Fr. Z has published his annual rant about the practice of moving the observation of the Feast of the Ascension from Thursday to Sunday. This is silly he argues (correctly), since the feast was fixed for 40 days after Easter (a Thursday) from the late 4th century, reflecting that Christ appeared for 40 days after the Resurrection (Acts 1:2). Pentecost, as implied by its name is celebrated 50 days after Easter on Sunday.
Thankfully here in the Ecclesiastical Province of New York, we’ve kept the traditional day, as have some other northeastern provinces and the Province of Omaha.
Fr. Z. misses, however, I believe, one part of why this change was sold so easily to much of the United States.
Before the calendar reforms of 1955, Ascension was celebrated with an octave. This meant that the Sunday following the Feast of the Ascension was a continued part of the celebration of the Ascension. This celebration carried through all the way to the next Thursday. Then you had two penitential days of preparation, a Friday and the Vigil of Pentecost, before the celebration of the Great Feast of Pentecost. But with the “Sunday after Ascension” being just another Easter Sunday (of which we’ve already had a great many), the end of the Easter season is left rather shapeless.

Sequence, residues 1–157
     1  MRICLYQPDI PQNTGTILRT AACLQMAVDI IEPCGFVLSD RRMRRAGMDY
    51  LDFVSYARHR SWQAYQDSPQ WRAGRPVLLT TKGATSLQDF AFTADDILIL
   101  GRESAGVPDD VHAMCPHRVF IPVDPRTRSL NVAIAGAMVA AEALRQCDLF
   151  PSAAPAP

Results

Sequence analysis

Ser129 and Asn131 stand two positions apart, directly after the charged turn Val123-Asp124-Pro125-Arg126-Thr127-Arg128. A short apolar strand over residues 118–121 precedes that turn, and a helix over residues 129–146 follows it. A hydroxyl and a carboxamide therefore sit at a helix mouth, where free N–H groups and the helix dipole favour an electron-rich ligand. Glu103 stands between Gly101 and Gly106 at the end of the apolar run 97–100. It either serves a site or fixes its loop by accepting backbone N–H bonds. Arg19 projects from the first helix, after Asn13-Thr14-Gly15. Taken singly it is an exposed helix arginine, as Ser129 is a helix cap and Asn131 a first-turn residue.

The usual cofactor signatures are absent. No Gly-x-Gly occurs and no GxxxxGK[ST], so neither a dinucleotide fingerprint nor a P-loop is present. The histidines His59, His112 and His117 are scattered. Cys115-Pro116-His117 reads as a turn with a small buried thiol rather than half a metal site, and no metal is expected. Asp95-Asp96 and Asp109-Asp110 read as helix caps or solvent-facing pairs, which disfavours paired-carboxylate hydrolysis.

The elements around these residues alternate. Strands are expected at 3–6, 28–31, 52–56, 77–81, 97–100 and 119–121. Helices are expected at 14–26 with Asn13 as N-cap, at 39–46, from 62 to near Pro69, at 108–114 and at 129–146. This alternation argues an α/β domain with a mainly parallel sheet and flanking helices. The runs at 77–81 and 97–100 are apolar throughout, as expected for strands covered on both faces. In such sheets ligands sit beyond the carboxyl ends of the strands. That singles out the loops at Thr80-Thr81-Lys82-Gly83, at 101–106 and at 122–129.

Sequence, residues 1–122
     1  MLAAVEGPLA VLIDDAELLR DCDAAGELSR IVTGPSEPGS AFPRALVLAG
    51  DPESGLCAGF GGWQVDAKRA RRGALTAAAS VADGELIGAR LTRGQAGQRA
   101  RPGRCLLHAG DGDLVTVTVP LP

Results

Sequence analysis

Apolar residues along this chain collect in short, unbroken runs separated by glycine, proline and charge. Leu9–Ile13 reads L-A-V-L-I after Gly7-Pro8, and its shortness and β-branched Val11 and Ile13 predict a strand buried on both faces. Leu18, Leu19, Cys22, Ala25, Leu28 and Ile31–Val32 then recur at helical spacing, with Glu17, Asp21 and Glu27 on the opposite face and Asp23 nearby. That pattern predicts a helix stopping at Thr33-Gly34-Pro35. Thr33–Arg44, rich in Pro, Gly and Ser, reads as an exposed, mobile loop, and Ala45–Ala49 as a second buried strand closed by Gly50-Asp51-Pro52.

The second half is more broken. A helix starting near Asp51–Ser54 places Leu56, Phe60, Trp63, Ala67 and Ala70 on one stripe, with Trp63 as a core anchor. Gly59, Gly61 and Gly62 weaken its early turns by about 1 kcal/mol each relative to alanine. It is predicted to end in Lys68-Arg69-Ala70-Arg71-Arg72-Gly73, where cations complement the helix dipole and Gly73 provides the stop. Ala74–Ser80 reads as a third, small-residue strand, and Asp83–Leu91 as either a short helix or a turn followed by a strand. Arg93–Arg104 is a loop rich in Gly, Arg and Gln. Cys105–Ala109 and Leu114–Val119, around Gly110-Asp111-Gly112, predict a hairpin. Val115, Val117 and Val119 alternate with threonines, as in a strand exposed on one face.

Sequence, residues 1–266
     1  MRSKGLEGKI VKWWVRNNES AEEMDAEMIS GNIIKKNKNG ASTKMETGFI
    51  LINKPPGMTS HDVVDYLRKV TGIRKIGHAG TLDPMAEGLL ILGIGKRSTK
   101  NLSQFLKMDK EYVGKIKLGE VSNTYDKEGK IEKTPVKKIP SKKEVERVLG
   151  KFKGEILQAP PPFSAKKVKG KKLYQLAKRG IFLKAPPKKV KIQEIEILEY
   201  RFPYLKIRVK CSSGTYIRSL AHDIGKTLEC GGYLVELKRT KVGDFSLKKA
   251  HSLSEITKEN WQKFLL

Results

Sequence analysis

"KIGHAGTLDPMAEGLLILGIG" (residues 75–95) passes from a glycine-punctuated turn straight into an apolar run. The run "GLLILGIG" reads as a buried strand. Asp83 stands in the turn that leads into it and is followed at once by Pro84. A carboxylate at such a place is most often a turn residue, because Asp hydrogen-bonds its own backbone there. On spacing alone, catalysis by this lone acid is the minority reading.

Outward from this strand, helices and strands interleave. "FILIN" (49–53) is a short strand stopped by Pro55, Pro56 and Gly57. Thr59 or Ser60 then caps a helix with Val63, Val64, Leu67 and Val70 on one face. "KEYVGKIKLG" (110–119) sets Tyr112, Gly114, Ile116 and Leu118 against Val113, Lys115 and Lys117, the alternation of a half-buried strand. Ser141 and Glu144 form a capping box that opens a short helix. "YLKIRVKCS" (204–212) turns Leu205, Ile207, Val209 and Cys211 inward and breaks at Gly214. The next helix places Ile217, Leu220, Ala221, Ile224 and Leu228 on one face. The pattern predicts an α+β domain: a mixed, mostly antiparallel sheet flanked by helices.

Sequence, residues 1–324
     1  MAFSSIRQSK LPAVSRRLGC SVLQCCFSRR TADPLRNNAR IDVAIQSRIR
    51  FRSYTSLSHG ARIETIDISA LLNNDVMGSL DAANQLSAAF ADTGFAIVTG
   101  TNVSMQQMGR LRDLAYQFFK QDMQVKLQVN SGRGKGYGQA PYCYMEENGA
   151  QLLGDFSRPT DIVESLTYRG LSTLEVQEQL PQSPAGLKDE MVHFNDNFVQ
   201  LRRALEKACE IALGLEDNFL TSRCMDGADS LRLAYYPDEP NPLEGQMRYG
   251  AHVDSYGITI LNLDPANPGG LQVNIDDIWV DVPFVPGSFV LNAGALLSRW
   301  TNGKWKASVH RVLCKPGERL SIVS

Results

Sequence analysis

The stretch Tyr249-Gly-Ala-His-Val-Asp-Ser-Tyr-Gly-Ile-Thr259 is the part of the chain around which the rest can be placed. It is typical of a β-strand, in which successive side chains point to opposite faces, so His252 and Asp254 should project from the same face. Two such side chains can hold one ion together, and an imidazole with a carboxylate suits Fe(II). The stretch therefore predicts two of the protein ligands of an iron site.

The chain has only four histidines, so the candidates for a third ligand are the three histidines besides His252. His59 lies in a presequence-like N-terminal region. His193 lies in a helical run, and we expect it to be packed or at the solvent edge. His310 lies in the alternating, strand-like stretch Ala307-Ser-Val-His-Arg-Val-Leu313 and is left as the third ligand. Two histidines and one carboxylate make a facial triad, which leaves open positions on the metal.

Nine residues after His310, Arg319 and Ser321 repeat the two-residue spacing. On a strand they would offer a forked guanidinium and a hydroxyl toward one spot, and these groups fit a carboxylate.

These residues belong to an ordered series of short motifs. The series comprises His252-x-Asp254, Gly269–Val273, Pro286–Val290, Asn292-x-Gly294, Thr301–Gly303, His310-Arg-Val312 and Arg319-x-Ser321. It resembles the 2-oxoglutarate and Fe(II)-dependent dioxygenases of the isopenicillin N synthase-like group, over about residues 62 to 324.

Now, I don’t advocate for moving the Feast of the Ascension to Sunday, but I can sort of understand why they do it. There’s something missing in those last weeks of Easter and shifting Ascension helps fill the emptiness. You can guess what my solution would be…
Now for some appropriate music by Messiaen to accompany this post: